Villages by Andrew Nicholson

Extract from John Chapman's map of Nottinghamshire (1774).


For a comprehensive and generously illustrated introduction to using maps as a historical source see:

A fascinating discussion of the ways in which maps have interacted with society over the centuries:


John Chapman’s map of Nottinghamshire (1774) is the earliest printed map at a sufficiently useful scale (1 statute mile to one inch) to provide basic information on village layout and the existence of landscape features such as roads, parkland and mills. A facsimile version was published by Nottinghamshire County Council in 2003.

George Sanderson’s Map of the country twenty miles around Mansfield, originally published in 1835, covers most of Nottinghamshire at a useful scale of 2¼ inches to 1 mile (showing fields, individual buildings, roads, industrial sites, parish and township boundaries, etc) has been produced by Nottinghamshire and Derbyshire Library Services:

A wide range of Ordnance Survey maps from the 1840s to the present day are available at Nottinghamshire Local Studies Libraries and Nottinghamshire Archives. The earliest large scale (25" and 6” to the mile) coverage dates from the 1880s and an online digital archive of these maps for the whole county is accessible through the Old Maps website:


The essential reference book for pre-19th century maps is:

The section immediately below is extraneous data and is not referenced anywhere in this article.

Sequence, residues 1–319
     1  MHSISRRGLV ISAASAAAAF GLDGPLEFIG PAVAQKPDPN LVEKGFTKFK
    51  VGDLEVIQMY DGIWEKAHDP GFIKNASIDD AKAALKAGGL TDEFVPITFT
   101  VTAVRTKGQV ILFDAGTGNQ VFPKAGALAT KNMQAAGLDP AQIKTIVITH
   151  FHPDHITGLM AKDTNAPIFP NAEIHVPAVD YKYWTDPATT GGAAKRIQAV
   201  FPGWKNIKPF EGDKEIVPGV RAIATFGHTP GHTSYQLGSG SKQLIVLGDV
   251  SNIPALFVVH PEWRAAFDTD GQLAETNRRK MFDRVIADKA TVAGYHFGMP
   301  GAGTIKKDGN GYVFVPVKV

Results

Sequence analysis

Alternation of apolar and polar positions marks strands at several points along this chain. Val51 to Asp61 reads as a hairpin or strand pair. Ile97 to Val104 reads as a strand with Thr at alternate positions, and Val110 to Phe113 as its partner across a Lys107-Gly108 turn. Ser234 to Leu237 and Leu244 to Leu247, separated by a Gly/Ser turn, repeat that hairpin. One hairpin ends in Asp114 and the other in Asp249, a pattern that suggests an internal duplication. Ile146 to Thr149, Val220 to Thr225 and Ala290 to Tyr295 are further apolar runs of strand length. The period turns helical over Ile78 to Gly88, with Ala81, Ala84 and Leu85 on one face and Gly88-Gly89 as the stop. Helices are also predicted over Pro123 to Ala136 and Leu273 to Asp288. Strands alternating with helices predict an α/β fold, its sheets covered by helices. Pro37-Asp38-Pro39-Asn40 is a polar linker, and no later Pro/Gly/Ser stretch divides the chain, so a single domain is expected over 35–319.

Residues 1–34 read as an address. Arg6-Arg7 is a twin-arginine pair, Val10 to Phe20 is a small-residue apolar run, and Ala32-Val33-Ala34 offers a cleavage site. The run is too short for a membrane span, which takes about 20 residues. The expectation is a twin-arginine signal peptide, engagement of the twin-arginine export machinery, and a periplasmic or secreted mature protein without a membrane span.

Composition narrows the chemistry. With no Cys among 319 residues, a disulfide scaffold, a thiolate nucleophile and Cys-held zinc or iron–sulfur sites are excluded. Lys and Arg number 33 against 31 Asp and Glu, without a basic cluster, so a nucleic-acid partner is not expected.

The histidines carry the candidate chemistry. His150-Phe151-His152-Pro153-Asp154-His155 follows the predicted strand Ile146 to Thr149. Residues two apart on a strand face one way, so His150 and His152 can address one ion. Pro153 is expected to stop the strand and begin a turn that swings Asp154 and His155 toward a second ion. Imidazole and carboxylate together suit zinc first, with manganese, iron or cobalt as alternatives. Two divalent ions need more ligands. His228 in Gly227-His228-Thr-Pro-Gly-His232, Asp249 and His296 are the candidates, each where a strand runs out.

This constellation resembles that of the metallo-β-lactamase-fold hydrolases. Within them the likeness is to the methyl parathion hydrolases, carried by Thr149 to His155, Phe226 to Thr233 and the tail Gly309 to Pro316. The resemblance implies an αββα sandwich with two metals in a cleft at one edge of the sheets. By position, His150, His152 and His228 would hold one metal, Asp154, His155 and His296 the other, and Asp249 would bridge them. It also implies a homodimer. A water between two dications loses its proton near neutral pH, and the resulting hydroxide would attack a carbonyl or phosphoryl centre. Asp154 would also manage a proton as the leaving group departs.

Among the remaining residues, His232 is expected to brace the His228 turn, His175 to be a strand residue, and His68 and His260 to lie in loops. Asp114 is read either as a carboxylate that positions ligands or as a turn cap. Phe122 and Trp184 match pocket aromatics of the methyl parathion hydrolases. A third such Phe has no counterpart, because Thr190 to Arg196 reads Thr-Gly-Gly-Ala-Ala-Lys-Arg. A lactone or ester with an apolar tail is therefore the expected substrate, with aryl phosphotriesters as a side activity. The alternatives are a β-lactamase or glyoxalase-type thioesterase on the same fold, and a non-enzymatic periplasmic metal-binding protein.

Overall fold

Extract from Isaac Messeder's 's map of Winkburn (1766).

Extract from Isaac Messeder's 's map of Winkburn (1766).

One of the most valuable primary sources is the estate map. There are a few examples from the 17th century, most notably William Senior’s atlas of maps produced for the Cavendish family c.1610-25, which covers a number of Nottinghamshire villages in the west of the county, (photographic copies of the maps can be seen at Nottinghamshire Archives) and Richard Bankes’ Survey of Sherwood Forest. A full transcript of the accompanying survey and a set of re-drawn maps of Carburton, Clumber, Gleadthorpe, Wilford, Lenton, Radford, Sneinton, Colwick, Stoke Bardolph, Carlton, Gedling, Burton Joyce, Bulcote, Shelford, Gunthorpe, Caythorpe, Lowdham, Lambley, Arnold, Basford, Bulwell, Bestwood Park, Woodborough, Calverton and Kirkby in Ashfield) has been published:

Mark Pierce’s map of Laxton village and its famous open fields (1635) is a very impressive example of its kind. A facsimile of the map is published in

Two estate maps of East Bridgford, dating from 1612-14, are illustrated and discussed in:

Tithe maps from the 1840s cover about 40% of Nottinghamshire parishes and are at a large scale. For a helpful discussion of the tithe commutation process in Nottinghamshire see:

For general background on tithe commutation:

Enclosure maps from the 18th and 19th centuries are another important source. For the definitive list of Nottinghamshire enclosure maps see:

A well illustrated introduction to enclosure maps as a historical source: